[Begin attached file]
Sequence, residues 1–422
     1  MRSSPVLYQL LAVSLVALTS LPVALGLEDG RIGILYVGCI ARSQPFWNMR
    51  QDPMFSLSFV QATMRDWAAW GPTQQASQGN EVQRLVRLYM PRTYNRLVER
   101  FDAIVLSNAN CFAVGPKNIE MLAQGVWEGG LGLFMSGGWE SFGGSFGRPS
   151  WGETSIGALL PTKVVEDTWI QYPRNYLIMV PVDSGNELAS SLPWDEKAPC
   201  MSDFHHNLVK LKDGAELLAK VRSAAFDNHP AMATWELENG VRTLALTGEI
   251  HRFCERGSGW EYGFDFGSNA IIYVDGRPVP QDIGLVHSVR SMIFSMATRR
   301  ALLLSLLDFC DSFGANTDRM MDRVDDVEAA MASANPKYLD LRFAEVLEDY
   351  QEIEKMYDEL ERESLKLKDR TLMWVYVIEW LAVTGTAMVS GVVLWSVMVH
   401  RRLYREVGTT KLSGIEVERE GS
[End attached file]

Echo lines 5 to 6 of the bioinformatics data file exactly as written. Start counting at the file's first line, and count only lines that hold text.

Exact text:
   151  WGETSIGALL PTKVVEDTWI QYPRNYLIMV PVDSGNELAS SLPWDEKAPC
   201  MSDFHHNLVK LKDGAELLAK VRSAAFDNHP AMATWELENG VRTLALTGEI